Douglas DC-7

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This object is not on display at the National Air and Space Museum. It is either on loan or in storage.

Douglas DC-7

The Douglas DC-7 was an advanced development of the

DC-6B piston-engine airliner. It was introduced by American Airlines on its New York–Los Angeles route in November 1953 and was the first airliner to provide nonstop transcontinental service in both directions.

The fastest transport aircraft in service, the DC-7 cruised at 580 kilometers (360 miles) per hour. A total of 338 DC-7s of all types were purchased by 18 different airlines. Like other piston-engine airliners, it was made obsolete by the introduction of turbine-engine Boeing 707s and Douglas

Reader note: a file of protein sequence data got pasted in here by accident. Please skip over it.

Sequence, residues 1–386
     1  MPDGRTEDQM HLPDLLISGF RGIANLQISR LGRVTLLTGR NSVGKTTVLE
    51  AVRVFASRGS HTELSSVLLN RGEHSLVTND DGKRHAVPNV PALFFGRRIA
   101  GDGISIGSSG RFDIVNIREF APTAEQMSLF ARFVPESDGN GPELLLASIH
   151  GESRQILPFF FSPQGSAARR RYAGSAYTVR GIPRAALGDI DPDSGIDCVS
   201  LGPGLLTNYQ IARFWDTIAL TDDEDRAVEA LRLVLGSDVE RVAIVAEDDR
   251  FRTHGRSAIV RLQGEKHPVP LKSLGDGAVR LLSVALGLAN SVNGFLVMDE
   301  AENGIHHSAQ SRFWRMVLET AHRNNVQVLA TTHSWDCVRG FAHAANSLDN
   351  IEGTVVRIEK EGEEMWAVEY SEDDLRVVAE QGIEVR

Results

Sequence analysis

DC-8s. Some DC-7s later served as cargo and charter planes.

This nose section is from American Airlines’ Flagship Vermont, which carried about 130,000 passengers in its nearly 13,500 hours aloft.

Gift of American Airlines

Wingspan:35.8 m (117 ft 6 in)

Length:33.2 m (108 ft 11 in)

Height:8.7 m (28 ft 7 in)

Weight, gross:55,429 kg (122,200 lb)

Weight, empty:30,076 kg (66,305 lb)

Top speed:656 km/h (410 mph)

Engine:4 Wright R-3350 Turbo Compound, 3,250 hp

Manufacturer:Douglas Aircraft Co., Santa Monica, Calif., 1956